Frank Malzone happens to be my all-time favorite Boston Red Sox. He was born in the Bronx, played sandlot baseball as a kid in the shadow of Yankee Stadium and then got signed by the Red Sox. It took him seven years to make it to Fenway, slowed by both a dislocated ankle in Minor league ball and two years of military service. But when he did finally put on the Red Sox uniform, it was well worth the wait for Boston’s fans. His first full season in Beantown was 1957 and all he did that year was drive in 103 runs, average .292 and become the first rookie ever to lead the league at his position in assists, putouts, double plays and fielding percentage. That performance earned him a trip to the All Star game, a Gold Glove but not the 1957 Rookie of the Year Award. He was denied that when the baseball writers association that gives that award changed the rules, and all of a sudden the 75 at-bats Malzone had had the previous two years disqualified him. It was the biggest heist in Boston since the Brinks holdup.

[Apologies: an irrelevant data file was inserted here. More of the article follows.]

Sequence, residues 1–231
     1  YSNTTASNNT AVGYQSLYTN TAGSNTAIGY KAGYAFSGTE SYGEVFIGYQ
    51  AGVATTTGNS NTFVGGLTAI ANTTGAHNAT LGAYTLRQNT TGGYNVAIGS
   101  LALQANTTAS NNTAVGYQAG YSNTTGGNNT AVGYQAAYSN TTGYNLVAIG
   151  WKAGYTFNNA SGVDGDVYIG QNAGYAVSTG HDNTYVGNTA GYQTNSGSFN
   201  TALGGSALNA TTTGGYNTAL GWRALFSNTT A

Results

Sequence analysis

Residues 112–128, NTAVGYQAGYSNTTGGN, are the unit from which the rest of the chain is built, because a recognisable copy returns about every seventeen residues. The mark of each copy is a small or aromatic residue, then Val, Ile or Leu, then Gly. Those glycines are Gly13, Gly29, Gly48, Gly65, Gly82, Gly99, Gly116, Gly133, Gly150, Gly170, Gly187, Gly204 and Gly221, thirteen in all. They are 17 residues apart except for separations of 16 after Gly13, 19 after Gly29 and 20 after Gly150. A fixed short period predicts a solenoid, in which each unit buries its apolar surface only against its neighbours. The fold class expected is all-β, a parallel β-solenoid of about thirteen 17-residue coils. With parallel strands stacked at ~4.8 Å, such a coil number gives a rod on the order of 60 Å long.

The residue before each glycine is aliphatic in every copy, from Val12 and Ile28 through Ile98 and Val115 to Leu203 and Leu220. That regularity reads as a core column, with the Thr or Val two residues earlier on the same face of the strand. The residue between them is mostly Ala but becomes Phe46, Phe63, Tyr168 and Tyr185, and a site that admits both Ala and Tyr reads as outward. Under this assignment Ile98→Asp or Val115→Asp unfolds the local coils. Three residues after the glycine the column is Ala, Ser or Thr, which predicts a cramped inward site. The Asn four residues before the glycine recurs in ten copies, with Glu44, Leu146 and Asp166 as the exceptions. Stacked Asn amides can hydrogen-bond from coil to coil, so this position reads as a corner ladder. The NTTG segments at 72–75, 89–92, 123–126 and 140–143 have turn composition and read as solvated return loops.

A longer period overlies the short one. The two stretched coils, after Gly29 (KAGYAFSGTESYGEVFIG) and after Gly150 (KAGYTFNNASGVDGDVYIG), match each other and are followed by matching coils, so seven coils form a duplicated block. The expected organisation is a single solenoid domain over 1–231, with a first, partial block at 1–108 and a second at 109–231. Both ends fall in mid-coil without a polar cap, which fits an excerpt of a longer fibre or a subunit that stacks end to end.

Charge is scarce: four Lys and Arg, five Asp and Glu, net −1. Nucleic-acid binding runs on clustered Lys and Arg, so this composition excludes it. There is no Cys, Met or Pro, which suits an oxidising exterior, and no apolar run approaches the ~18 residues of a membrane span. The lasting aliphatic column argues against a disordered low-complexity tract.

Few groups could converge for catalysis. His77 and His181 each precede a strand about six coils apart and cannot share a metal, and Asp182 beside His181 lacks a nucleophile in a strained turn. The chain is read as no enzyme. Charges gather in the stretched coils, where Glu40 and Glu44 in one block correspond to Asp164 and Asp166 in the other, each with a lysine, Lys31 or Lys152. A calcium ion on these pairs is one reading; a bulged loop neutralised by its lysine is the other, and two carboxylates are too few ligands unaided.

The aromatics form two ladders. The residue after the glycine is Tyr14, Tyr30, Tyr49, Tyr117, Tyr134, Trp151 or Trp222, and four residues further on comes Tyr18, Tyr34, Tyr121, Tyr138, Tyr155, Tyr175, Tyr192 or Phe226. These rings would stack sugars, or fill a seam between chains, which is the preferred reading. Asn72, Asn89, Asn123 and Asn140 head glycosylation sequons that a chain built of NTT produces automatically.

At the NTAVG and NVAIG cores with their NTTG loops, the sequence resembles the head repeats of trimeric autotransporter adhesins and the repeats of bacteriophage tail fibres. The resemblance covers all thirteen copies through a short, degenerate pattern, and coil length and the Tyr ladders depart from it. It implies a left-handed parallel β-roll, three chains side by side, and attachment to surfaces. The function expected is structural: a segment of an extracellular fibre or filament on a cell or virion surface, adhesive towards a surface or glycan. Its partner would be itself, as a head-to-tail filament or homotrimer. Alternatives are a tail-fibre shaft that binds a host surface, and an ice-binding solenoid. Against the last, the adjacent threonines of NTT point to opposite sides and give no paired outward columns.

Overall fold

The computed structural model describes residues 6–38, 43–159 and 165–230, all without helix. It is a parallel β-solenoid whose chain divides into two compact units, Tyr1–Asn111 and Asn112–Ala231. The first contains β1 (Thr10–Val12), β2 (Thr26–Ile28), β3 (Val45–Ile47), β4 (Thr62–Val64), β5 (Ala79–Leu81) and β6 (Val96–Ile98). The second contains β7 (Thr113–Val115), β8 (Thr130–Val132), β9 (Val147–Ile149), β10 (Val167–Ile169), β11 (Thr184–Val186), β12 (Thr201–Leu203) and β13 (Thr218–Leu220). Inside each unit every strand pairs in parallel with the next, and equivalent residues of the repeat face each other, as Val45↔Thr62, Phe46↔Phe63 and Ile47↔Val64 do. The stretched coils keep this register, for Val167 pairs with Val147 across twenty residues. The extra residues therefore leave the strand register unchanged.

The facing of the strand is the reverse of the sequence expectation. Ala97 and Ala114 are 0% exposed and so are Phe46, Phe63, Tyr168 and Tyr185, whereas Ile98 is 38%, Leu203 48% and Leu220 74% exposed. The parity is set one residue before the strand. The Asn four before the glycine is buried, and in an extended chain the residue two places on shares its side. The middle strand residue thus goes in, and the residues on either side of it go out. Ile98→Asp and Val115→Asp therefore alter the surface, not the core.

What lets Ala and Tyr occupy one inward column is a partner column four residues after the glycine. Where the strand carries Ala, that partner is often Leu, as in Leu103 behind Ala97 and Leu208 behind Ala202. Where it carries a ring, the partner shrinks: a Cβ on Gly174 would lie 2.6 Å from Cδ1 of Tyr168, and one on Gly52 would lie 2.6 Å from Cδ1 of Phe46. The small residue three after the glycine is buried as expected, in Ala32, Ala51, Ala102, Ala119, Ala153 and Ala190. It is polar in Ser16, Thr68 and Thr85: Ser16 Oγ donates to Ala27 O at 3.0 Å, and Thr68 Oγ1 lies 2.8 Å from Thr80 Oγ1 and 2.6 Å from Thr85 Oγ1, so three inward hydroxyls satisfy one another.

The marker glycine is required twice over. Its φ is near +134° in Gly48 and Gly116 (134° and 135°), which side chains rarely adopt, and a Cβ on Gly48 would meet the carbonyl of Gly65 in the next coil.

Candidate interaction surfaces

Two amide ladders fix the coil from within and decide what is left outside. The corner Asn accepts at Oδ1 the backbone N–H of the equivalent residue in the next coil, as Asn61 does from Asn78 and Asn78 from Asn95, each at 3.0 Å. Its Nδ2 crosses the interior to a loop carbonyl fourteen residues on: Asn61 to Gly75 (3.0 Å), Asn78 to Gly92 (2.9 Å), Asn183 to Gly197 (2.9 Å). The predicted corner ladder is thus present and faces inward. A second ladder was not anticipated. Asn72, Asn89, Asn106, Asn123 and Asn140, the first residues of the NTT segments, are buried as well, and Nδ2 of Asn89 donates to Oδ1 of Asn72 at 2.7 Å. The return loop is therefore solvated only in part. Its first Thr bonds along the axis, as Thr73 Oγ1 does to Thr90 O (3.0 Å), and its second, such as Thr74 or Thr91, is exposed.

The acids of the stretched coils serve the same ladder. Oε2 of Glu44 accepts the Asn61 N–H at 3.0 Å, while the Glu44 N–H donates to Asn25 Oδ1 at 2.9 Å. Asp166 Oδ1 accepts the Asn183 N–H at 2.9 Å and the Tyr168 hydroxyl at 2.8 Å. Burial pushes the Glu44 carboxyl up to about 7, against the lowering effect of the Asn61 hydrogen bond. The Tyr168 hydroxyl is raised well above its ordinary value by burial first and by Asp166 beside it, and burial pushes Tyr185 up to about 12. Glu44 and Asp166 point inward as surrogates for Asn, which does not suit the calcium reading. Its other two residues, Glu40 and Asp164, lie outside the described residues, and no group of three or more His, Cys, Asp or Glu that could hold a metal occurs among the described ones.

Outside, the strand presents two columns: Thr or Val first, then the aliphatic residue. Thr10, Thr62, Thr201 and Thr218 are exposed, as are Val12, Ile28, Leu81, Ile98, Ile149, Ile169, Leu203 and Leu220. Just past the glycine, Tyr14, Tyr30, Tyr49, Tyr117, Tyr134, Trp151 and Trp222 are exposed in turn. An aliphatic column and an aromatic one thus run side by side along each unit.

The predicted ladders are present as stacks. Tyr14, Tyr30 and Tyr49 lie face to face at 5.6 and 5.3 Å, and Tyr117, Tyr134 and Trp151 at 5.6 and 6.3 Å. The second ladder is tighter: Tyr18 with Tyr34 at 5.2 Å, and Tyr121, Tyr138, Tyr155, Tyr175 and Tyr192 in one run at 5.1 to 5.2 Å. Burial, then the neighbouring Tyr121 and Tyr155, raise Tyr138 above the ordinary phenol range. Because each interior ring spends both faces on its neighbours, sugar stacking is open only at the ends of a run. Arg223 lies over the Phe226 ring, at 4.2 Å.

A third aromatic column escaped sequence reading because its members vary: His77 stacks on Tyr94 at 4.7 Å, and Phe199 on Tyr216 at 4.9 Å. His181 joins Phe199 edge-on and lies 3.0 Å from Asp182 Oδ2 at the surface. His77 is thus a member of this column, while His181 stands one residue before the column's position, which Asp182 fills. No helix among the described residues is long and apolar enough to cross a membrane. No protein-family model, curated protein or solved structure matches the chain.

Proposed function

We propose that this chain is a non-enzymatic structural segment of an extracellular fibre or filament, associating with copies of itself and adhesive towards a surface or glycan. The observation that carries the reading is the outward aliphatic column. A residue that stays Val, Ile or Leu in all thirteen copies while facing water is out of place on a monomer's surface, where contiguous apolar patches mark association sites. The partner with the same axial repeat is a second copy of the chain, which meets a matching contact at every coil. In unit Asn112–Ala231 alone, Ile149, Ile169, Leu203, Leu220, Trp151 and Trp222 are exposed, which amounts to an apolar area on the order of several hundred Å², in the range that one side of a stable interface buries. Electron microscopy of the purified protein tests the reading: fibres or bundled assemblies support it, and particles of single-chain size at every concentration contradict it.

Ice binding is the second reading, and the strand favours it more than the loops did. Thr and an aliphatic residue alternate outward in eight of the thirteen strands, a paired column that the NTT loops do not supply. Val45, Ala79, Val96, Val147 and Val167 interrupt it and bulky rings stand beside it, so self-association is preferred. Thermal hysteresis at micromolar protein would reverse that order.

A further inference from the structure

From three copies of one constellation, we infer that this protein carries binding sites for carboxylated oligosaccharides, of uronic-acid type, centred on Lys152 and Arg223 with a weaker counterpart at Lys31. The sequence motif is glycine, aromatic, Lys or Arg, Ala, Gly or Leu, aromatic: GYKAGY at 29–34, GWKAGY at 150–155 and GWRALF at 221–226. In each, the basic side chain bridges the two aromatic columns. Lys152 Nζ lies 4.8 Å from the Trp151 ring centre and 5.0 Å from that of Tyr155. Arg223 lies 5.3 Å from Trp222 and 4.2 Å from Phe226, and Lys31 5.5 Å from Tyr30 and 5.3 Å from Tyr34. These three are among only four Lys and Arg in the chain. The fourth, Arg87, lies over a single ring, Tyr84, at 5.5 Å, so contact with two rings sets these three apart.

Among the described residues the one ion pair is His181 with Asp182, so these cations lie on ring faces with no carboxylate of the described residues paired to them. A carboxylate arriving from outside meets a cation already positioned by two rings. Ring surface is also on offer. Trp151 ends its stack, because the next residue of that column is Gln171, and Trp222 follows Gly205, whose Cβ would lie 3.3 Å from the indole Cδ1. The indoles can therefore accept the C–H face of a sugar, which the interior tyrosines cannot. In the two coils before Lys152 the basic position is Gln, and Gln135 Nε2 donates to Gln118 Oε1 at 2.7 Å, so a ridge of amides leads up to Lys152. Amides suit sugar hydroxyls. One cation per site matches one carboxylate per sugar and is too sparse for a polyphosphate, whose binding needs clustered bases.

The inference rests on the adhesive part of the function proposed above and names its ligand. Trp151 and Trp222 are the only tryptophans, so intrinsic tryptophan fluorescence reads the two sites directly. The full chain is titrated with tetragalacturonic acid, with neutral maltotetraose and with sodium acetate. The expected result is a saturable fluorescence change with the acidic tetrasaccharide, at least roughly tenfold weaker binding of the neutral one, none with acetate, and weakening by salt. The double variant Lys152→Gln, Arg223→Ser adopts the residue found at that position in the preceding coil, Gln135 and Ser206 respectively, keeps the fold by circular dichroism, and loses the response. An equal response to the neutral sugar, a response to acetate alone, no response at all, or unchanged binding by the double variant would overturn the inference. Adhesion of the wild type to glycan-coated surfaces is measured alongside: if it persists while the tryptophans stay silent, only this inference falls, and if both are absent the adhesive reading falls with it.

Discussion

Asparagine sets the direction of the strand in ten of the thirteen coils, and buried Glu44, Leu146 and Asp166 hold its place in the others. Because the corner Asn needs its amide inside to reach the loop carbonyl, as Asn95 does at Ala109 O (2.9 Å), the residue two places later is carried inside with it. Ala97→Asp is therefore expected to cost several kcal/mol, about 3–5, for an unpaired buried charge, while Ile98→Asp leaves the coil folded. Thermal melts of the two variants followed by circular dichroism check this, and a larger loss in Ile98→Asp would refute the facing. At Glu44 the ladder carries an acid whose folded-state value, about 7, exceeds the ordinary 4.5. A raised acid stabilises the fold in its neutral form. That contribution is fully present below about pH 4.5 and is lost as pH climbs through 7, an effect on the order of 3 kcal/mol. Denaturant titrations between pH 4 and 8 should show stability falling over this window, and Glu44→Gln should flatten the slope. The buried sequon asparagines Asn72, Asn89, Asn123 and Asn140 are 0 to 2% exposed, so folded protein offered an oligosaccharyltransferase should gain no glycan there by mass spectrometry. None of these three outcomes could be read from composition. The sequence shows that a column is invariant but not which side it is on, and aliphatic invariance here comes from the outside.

He would win a total of three Gold Gloves and make six AL All Star teams during his nine full seasons as a Red Sox. Unfortunately, Boston would release Malzone after the 1965 season, forcing him to finish his big league career dressed in an Angel uniform. Even though the hundreds of Red Sox teammates who played with Frank during his tenure in Boston will tell you Malzone was one of the nicest guys they ever played with, he was most definitely not an “Angel.” Malzone realized that after just one year out west and retired after the 1966 season. His career numbers with Boston include 1,486 hits, 133 HRs, 728 RBIs and a.274 batting average. When his playing days were over, Malzone rejoined the Red Sox as a scout.